Apr 11, 2019

Amazon employees listen to Echo users' interactions to train Alexa

Dave Limp, senior vice president of Amazon devices, announces the Echo Dot in 2018. Photo: Grant Hindsley/AFP/Getty Images

Amazon employees listen to, transcribe and annotate Echo users' interactions with the smart speaker in order to "eliminate gaps in Alexa’s understanding of human speech and help it better respond to commands," Bloomberg reports.

Why it matters: Alexa, Amazon's virtual assistant, may "live in the cloud," according to Amazon's advertisements, but this work highlights the vital role humans still play in training software algorithms for smart devices — and how many users might be unaware of such work.

The big question: "[T]he recordings ... don’t provide a user's full name and address but are associated with an account number, as well as the user's first name and the device’s serial number," according to Bloomberg.

How it works: The recordings from Echo users' homes and offices are parsed by a team of contractors and full-time Amazon employees who review up to 1,000 audio clips per day, operating under non-disclosure agreements that prevent them from speaking publicly on the work.

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China tries to contain coronavirus, as Apple warns of earnings impact

Data: The Center for Systems Science and Engineering at Johns Hopkins, the CDC, and China's NHC; Note: China refers to mainland China and the Diamond Princess is the cruise ship offshore Yokohama, Japan. Map: Danielle Alberti/Axios

As China pushes to contain the spread of the novel coronavirus — placing around 780 million people under travel restrictions, per CNN — the economic repercussions continue to be felt globally as companies like Apple warn of the impact from the lack of manufacturing and consumer demand in China.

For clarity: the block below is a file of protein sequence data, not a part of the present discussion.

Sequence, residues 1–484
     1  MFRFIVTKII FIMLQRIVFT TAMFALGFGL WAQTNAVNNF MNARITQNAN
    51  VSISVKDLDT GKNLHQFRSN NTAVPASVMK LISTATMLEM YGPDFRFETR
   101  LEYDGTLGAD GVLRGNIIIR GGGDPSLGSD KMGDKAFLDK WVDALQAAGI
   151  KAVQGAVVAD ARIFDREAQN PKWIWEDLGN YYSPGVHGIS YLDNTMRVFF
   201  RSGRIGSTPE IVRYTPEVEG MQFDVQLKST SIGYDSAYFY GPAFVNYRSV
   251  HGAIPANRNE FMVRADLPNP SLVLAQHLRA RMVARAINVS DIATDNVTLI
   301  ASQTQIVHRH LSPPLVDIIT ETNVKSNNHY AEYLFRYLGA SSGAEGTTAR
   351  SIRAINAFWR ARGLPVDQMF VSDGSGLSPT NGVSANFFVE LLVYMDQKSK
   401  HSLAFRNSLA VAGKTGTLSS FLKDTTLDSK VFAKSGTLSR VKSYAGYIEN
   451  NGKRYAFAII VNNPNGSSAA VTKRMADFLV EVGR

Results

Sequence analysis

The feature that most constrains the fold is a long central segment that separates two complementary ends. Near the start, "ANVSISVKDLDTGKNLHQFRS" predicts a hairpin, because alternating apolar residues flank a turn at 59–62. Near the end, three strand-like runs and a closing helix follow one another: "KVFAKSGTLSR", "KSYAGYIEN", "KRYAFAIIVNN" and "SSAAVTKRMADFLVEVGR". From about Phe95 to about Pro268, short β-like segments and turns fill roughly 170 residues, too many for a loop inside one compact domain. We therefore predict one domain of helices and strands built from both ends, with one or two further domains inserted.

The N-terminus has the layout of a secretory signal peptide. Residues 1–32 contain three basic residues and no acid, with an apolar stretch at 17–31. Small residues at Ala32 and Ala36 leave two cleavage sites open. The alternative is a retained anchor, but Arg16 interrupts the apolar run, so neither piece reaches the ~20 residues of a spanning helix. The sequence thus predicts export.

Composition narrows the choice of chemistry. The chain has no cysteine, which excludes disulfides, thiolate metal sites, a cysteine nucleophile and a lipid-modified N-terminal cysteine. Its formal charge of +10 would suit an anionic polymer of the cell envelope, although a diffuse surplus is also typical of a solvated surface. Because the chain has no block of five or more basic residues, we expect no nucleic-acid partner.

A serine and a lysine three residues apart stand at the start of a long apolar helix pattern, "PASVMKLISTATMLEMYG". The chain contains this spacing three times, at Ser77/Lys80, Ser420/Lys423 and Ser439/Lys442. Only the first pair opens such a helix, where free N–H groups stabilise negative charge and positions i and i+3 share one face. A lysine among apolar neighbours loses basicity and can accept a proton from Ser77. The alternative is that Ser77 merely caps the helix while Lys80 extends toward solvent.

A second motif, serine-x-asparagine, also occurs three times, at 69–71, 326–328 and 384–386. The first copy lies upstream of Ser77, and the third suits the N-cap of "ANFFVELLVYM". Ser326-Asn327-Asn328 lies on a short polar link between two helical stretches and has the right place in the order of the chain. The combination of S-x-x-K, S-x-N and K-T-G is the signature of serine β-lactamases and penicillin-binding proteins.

The big picture: COVID-19 has now killed at least 1,775 people and infected more than 70,000 others, mostly in mainland China. There are some signs that new cases are growing at a slower rate now, although the World Health Organization said Monday it's "too early to tell" if this will continue.

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Apple CEO Tim Cook

Apple issued a rare earnings warning on Monday, saying it would not meet quarterly revenue expectations due to the impact of the coronavirus, which will limit iPhone production and limit product demand in China.

Why it matters: Lots of companies rely on China for production, but unlike most U.S. tech companies, Apple also gets a significant chunk of its revenue from sales in China.

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The Trump administration wants to reboot federal executions, pointing to a 16-year lapse, but Pew Research reports the government has only executed three people since 1963.

The big picture: Nearly all executions in the U.S. are done by states. Even those have been steadily dropping for two decades, per the Bureau of Justice Statistics (BJS) — marking a downward trend for all executions in the country.